• Education – Depending on an institution’s policies, information in a student’s digital footprint (most often from social media) may impact their education status including suspension, expulsion or loss of scholarship opportunities.

Financial Theft or Fraud – Credit and debit card information may be stolen from retailer database or payment system and used for fraudulent purchases. Cyber criminals may also use other tactics such as phishing, where a malicious actor uses bank themed e-mails to trick the end user into revealing their bank account user name and password.

Phishing – Individuals supply their e-mail addresses when making a purchase, signing up for coupons, applying for jobs or loans and establishing a social media or payment account among other activities. These activities place this contact information in a multitude of databases. Whether malicious actors breach these databases or locate your e-mail address on a publicly available business or personal website, it can be used for spam, phishing, or spearphishing campaigns; all of which can result in theft of other credentials as well as malware infections.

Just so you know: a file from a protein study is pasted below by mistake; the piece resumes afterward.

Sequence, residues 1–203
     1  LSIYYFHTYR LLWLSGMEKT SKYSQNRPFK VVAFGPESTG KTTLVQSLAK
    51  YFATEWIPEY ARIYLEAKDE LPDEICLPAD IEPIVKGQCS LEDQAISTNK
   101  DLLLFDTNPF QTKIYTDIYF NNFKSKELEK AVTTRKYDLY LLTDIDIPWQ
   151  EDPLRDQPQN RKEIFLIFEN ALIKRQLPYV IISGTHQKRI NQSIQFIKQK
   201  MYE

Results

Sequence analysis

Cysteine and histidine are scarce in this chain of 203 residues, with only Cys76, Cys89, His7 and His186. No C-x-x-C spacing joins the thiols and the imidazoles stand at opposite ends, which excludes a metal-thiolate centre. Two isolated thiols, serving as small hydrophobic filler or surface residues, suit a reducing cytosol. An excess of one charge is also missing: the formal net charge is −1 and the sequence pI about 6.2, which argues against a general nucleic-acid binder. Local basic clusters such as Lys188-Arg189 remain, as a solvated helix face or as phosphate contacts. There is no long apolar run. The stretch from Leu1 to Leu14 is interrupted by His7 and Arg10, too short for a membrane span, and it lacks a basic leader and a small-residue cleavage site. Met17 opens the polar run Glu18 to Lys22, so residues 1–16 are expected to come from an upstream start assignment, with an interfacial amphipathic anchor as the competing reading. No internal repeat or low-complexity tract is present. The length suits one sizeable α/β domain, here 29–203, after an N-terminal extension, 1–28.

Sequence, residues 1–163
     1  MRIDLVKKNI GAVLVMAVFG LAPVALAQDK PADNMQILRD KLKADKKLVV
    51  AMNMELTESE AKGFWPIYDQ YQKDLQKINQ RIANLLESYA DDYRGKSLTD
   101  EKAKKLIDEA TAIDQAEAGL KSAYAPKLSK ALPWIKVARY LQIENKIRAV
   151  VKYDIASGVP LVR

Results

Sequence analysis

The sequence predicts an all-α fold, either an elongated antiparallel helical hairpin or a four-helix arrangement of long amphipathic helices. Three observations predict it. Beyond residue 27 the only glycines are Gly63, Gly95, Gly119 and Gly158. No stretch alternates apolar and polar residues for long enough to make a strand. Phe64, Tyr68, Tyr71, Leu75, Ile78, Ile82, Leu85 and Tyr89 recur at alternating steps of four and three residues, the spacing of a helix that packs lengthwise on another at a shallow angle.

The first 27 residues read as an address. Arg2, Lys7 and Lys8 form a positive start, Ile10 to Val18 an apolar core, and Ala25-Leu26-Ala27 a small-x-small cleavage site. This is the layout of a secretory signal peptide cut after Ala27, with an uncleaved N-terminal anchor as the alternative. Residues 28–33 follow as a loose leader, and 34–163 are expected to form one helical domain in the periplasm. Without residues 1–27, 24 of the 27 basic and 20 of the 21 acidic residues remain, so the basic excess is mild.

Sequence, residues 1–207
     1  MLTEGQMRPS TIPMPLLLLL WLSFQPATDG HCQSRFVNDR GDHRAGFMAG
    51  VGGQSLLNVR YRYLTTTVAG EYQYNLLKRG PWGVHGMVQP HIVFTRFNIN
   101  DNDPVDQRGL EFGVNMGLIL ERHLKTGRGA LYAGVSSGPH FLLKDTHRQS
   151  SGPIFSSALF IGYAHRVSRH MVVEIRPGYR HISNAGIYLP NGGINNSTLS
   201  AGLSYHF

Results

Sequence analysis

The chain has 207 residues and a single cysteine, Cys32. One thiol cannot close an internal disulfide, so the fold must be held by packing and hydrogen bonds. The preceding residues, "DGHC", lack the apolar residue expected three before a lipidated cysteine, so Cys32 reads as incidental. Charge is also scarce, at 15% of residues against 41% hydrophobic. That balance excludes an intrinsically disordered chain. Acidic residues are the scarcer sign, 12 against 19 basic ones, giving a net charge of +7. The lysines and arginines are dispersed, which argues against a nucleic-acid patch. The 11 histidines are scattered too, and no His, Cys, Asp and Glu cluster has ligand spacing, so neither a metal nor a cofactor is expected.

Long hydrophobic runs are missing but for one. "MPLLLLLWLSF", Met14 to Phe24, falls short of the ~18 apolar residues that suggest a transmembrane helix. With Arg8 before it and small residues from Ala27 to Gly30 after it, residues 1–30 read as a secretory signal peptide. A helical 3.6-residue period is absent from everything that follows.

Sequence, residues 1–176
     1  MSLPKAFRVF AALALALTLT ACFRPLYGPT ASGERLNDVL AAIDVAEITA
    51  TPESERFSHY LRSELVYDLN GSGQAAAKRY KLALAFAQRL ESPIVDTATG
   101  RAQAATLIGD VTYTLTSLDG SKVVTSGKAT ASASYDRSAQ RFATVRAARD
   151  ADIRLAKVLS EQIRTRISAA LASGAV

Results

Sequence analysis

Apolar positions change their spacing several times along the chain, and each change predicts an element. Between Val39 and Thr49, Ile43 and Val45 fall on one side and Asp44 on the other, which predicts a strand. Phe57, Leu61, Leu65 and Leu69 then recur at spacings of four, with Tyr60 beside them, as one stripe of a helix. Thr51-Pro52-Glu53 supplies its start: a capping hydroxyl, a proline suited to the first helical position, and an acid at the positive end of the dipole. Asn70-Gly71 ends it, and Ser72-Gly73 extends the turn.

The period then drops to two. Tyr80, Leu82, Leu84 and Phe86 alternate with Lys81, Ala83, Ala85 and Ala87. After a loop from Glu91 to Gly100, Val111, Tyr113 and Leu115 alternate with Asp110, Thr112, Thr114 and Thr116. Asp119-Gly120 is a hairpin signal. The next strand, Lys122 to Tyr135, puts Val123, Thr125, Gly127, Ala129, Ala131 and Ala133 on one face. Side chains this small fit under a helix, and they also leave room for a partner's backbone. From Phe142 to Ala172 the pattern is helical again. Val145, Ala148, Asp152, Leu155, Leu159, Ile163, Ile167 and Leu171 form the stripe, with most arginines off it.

Risk can be defined by threats, vulnerabilities, likelihood a threat will occur, and impact should the threat occur. Consumers may then address the impact using the concepts of mitigation, transfer, avoidance and acceptance.13 Almost any activity that contributes to the creation of a digital footprint has associated risks. In every case possible, consumers may want to take a more active role in determining if the benefit of taking the risk outweighs the potential impact. Some may determine the convenience of receiving coupons while in a store, or using a particular mobile app outweighs the loss of a certain level of privacy. Others may decide the time and effort to browse the internet privately and increase the security of their accounts through complex passwords and multiple factor authentications outweigh the convenience of speed.